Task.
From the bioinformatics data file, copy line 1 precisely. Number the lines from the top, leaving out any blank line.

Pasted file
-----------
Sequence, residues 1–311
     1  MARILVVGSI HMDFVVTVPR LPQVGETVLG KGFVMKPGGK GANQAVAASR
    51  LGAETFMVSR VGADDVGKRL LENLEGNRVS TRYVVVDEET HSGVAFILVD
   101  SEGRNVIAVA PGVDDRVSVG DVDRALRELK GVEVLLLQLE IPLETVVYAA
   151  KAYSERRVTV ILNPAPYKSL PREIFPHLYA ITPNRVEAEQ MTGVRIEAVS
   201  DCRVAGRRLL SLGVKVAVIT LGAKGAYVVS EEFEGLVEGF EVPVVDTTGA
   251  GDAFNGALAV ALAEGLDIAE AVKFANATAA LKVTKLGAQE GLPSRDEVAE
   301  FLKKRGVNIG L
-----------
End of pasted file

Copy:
Sequence, residues 1–311